Summit Activated - W4G/NG-010, Blue Mountain, Georgia

A beautiful winter day in Georgia, an easy drive, and a well-maintained, easy to follow trail. It seems like maybe propagation was not a good as it has been recently, and, sure enough, when I returned home and checked online propagation predictions, they were calling it ‘fair’ (down from recent ‘good’) on 20 meters.

My eldest son came along on this trip. (He’s not a ham.) He is always a delight to have as a hiking companion and a SOTA buddy. He copies call signs and signal reports better than me. I was also joined by a new trail companion. I call him K4KPK/P. He’s a little confused abou how he came to be on top of Mt. KX3:

Here’s K4KPK/P in “antenna support configuration:”

A surprising number of hikers were out for a Georgia winter day. Four on our side of the highway, and a gaggle of Boy Scouts headed the other direction.

My QSOs were at 12 watts. I used 12 NiMh AA cells, which I had drained down to 15.2 volts prior to the trip. Upon my return home, the mailman brought my dummy AA cell, so next time I’ll go with 11 cells and a dummy, and I won’t have to pre-drain.

On the night before the trip, there were two other activators alerted for about the same time, so I moved my alert up by 15 minutes, to avoid competing for chasers. We hung around our summit for a little while after the activation, in hopes that one of them would spot and we could S2S. We got too cold before anyone went on the air. I think that S2S is going to be a warm weather sport for me.

In a first (for me), we encountered three people on the trail who knew at least a little about SOTA. One solo hiker is a ham with an Elecraft CW rig on order for SOTA, and a pair said something to the effect of, “Oh. We talked to someone on a mountain in Pennsylvania, who was doing what you’re doing. There was a terrible storm. He seemed very excited to be there.”


  • 6 QSO on 40 meters and 8 on 20 meters. 7.19265-ssb and 14.3448-ssb.
    • 40 meters
      • N4EX
      • W4ZV
      • K4PIC
      • N0ZH
      • WA2USA
      • K0LAF
    • 20 meters
      • N7UN
      • NS7P
      • N0ZH
      • W0MNA
      • KQ2RP
      • AA4AI
      • VA6FUN
      • KI0G

Thank you chasers! I am grateful that you were there when I called CQ.


  • 12:01 PM Eastern on 5 January, 2013


  • Elecraft KX3.


  • A fine site for all manner of antennas. The brush is not too dense under the trees, and there are trees of many sizes.
  • I was able to successfully slingshot a heavy monofilament fishing line into a tree; I used that to hoist up my 33 ft wire.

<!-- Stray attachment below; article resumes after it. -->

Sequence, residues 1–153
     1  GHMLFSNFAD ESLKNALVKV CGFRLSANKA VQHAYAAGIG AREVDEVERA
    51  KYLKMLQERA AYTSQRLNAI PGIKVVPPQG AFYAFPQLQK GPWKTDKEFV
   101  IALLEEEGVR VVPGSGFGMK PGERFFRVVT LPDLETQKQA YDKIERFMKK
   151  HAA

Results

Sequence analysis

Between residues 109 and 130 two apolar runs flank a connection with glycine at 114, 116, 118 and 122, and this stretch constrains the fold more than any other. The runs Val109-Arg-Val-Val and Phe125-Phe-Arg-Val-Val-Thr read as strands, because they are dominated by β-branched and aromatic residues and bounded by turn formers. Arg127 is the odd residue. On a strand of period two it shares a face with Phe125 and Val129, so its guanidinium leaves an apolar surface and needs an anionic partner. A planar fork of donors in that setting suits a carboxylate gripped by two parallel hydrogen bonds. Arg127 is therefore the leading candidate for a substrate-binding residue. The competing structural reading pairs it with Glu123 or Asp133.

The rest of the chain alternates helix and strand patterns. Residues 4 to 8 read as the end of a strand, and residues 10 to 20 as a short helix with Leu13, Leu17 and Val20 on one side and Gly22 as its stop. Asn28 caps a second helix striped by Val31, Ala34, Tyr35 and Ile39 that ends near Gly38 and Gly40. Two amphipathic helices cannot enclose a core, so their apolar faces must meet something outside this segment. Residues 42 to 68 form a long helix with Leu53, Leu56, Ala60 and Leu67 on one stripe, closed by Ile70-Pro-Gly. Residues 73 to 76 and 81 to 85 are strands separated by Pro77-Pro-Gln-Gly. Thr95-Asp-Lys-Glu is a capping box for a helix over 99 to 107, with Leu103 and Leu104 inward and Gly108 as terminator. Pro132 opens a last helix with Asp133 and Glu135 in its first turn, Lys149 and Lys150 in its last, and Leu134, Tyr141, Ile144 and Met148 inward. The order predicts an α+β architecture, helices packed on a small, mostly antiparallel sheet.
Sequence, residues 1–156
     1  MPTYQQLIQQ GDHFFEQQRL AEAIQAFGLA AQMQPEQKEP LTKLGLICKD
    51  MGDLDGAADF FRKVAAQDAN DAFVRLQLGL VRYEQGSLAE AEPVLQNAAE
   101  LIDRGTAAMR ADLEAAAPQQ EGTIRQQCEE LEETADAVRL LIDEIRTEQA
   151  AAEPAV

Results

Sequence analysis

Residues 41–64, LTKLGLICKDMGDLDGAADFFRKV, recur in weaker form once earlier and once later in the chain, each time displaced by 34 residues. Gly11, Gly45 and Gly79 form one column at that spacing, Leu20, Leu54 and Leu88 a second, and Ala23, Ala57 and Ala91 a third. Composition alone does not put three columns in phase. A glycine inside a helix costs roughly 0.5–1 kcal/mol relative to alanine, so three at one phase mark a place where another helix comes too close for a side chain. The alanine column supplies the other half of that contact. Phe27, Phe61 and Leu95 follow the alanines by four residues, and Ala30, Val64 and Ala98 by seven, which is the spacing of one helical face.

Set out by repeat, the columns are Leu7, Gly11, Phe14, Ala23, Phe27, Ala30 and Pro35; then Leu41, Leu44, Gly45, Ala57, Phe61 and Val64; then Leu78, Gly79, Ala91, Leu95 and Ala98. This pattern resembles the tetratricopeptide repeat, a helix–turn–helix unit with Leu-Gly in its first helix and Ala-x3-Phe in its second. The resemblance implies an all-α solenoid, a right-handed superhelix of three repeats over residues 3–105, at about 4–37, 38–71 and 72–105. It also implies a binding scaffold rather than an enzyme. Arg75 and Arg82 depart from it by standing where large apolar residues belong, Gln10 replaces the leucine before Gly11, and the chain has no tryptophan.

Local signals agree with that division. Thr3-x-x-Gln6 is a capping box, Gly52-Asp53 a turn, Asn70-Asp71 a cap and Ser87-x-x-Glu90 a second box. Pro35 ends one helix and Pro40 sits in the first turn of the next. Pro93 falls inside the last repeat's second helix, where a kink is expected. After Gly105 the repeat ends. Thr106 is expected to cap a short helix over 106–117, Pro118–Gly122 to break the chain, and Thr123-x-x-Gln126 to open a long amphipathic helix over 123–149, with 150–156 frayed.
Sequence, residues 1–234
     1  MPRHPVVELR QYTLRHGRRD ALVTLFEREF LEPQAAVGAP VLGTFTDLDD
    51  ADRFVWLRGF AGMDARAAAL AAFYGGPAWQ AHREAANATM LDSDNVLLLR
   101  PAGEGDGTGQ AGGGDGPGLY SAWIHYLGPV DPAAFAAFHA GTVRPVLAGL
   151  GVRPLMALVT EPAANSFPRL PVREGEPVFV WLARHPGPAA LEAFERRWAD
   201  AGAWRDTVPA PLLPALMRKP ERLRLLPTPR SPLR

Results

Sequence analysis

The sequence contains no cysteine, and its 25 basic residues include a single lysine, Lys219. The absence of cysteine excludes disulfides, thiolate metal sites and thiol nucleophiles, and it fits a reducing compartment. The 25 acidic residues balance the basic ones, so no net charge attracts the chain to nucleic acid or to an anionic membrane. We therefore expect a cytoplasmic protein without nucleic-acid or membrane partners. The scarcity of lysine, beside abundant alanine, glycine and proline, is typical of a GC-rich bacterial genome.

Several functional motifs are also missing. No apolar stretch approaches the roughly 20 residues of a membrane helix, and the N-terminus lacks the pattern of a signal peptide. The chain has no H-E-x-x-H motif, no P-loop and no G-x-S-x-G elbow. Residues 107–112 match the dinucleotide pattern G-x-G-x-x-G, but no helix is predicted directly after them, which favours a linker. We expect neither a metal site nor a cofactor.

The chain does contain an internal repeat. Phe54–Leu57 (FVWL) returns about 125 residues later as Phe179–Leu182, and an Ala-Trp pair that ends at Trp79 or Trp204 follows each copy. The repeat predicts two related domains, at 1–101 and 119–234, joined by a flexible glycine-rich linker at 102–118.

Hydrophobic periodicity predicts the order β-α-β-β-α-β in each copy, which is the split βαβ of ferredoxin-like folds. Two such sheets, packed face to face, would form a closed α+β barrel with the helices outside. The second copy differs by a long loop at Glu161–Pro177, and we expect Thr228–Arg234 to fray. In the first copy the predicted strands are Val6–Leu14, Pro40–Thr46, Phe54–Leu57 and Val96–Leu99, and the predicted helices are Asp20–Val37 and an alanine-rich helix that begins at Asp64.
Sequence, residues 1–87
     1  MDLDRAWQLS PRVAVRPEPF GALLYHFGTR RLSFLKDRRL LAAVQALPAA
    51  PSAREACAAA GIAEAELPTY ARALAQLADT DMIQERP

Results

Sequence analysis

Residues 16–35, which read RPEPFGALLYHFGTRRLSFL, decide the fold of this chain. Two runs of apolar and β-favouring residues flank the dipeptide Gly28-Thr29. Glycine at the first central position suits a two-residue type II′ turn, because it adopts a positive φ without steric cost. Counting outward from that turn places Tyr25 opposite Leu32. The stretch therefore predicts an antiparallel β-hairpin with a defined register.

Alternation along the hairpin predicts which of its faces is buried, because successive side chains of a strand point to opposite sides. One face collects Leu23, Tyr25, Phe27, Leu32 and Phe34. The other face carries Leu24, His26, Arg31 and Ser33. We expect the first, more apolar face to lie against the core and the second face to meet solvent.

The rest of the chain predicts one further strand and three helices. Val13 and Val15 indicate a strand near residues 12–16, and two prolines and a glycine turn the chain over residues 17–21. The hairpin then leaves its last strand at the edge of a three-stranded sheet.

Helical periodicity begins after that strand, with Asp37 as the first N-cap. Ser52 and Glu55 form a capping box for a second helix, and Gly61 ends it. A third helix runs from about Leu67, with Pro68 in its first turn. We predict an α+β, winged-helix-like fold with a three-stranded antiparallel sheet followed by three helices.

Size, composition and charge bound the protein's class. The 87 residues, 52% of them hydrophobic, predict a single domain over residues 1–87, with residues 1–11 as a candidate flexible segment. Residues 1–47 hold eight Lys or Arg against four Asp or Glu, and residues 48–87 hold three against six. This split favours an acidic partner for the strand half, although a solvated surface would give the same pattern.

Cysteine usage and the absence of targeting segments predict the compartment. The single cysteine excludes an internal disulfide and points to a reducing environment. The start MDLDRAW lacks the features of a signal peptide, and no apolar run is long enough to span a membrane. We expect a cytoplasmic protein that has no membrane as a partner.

• There’s also space to guy out a mast, if that’s your preference.
  • EARCHI 20m matchbox with an EFHW. I had zero trouble launching my antenna using fishing line on a spool, a 1 ounce egg sinker, and a slingshot. (Much better luck than last weekend.) I ended up stringing an inverted L.

Cell Phone Coverage

  • Marginally adequate cell coverage. SMS self-spot worked. Signal occasionally lost, but I was able to check SOTAwatch.

Getting There - Driving

  • Google Maps will get you there.
  • From Atlanta, you drive to Helen. You just keep driving on the main road through Helen until you get to Unicoi Gap. The gap is obviously a gap, there’s a half-acre parking lot on the right, and hiker-crossing signs are clearly visible.
  • There are no dirt roads involved in getting there. High ground clearance vehicle is NOT needed.
  • Do be careful crossing the gap. There is very little time between hearing a car and having it bear down upon you.
  • There are at least 3 good routes from Atlanta to Helen. Google knows all three and they differ by only a couple of minutes. Going up, we stayed on 985 as long as possible. We came back via Cleveland and GA-400. They were about the same duration.

Getting There - Hiking

  • The AT is easy to follow. From a navigation perspective, this is a piece of cake. Park on one side of the highway, take the obvious trail on the other side of the highway, and follow it until there is no more “up” to climb.
  • Some maps show about a 1.1 mile hike. Not a chance. My GPS says it was 1.6 miles. The maps don’t show some big switchbacks. It was about a 15% grade, so it was not a walk in the park.
  • Portions of the trail require hiker agility. There are sections of the trail composed almost entirely of large rocks. If you’re frail, this is not a good hike.

GPS Waypoints

  • GPS waypoints are not provided for this trip. The trail is 100% obvious and it is blazed. Just pay attention at the double-blazes which will ensure you don’t miss the switchbacks.
  • GPX trace for the hike


Time Log

  • 7:30 - Left Atlanta
  • 9:50 - Parked at trailhead. (We stopped for a McD breakfast.)
  • 9:55 - Hiking
  • 11:05 - at summit
  • 11:55 - ready to transmit
  • 12:00 - on the air
  • 12:20 - off the air
  • 12:40 - Done hanging around hoping for an S2S
  • 1:05 - packed and headed down the trail
  • 1:50 - Car
  • 4:05 - Atlanta. (We stopped for barbecue on the way home.)